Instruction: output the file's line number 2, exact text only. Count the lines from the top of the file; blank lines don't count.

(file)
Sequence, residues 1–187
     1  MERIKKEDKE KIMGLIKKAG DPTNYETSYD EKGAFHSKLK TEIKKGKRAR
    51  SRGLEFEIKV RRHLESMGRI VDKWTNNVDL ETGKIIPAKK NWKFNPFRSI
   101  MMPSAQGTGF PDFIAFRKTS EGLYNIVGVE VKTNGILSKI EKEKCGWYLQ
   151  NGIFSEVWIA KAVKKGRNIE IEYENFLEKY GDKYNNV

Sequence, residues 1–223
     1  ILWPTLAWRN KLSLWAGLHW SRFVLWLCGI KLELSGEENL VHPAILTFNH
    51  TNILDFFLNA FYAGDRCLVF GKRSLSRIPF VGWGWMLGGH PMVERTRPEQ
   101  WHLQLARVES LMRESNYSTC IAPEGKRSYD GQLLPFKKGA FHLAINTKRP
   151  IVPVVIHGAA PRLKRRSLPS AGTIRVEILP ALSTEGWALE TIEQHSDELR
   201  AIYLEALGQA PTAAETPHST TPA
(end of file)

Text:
     1  MERIKKEDKE KIMGLIKKAG DPTNYETSYD EKGAFHSKLK TEIKKGKRAR